The Infamous Sepulveda Pass Could Get A Rail Line

Unpaved Sepulveda Boulevard after completion in 1930 (Photo via Automobile Club of Southern California Archives)

The Los Angeles County Metropolitan Transportation Authority recently held a series of public meetings to discuss plans to build a rail line through the Sepulveda Pass. It's just the latest in a long line of attempts to ease travel through the notorious choke point.

The steep, narrow passageway through Sepulveda Canyon is one of the only ways to get between the L.A. basin and the San Fernando Valley — and it's never been easy.

What started as a footpath used by Native Americans, then the Spanish military and the Padres, became a paved road in the 1930s. But it didn't take long for it to become a clogged mess.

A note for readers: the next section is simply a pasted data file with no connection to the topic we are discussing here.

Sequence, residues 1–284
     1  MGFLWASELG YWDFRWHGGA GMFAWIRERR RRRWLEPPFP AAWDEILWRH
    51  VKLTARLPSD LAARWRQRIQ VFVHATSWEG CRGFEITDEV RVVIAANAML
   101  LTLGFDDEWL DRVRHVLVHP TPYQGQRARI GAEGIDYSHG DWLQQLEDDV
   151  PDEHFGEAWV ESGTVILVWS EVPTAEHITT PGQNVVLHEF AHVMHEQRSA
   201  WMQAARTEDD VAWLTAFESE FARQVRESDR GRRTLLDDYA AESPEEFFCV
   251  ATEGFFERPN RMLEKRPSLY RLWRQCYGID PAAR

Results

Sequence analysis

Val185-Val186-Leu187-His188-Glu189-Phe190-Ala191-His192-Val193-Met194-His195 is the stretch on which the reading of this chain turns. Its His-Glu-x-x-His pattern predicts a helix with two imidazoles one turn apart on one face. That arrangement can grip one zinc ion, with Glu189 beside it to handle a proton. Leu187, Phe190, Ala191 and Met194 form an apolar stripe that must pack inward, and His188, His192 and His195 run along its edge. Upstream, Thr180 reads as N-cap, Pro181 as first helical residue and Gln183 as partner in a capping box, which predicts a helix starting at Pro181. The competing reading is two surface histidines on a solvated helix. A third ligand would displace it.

In 1962 the eight-lane freeway, which would come to be known as the 405, opened.

Since then traffic has tripled, with more than 300,000 cars passing through each day.

Two additional lanes were added in 2014, but they've done little to curb congestion.

Now Metro is exploring options to add rail — either a subway, underground light rail, freeway-running light rail or an elevated rail. They've presented the preliminary concepts for designs, routes and stops.

Editor's note: A version of this story originally appeared on KPCC.org


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